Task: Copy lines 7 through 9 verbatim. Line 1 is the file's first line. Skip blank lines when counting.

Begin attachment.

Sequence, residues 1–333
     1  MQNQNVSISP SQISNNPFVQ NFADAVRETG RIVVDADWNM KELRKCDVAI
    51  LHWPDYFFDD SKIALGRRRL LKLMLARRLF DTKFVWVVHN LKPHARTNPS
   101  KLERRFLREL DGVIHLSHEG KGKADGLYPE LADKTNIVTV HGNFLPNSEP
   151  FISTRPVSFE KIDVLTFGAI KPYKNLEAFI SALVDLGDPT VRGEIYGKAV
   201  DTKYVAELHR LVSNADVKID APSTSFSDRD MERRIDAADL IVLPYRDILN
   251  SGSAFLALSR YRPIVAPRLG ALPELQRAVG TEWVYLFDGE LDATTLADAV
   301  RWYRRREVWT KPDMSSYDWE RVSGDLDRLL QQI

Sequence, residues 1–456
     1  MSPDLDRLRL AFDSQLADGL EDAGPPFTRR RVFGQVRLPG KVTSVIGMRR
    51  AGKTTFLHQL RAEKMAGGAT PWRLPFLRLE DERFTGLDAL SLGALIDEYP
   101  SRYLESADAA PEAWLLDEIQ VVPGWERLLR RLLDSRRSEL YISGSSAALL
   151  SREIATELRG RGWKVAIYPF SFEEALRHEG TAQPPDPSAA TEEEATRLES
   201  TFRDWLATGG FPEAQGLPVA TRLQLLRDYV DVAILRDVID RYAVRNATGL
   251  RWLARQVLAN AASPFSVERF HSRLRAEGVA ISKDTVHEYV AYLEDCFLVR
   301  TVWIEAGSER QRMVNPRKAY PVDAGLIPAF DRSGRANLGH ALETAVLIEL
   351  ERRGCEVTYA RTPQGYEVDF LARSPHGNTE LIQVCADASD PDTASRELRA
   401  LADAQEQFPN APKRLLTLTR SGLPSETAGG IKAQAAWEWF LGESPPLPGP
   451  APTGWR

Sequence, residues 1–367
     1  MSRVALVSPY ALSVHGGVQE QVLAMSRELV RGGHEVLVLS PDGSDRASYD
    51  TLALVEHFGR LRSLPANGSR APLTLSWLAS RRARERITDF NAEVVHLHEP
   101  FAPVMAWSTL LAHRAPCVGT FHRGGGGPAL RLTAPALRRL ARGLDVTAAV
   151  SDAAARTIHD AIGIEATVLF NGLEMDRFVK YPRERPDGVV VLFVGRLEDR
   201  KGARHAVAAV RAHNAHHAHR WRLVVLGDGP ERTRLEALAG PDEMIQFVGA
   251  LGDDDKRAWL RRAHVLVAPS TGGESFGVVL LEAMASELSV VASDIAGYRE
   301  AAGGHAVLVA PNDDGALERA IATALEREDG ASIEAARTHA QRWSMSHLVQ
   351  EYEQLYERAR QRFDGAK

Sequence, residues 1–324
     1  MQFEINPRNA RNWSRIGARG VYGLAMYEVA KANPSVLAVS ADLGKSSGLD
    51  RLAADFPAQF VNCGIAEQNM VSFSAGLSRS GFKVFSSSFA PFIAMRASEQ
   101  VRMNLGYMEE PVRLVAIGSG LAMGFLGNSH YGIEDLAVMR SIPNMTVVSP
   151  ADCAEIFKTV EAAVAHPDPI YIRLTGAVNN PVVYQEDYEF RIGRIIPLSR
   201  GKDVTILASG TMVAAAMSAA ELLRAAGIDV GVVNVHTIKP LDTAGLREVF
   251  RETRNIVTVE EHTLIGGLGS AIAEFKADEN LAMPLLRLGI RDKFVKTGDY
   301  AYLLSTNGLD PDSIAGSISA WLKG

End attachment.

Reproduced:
   251  SGSAFLALSR YRPIVAPRLG ALPELQRAVG TEWVYLFDGE LDATTLADAV
   301  RWYRRREVWT KPDMSSYDWE RVSGDLDRLL QQI

Sequence, residues 1–456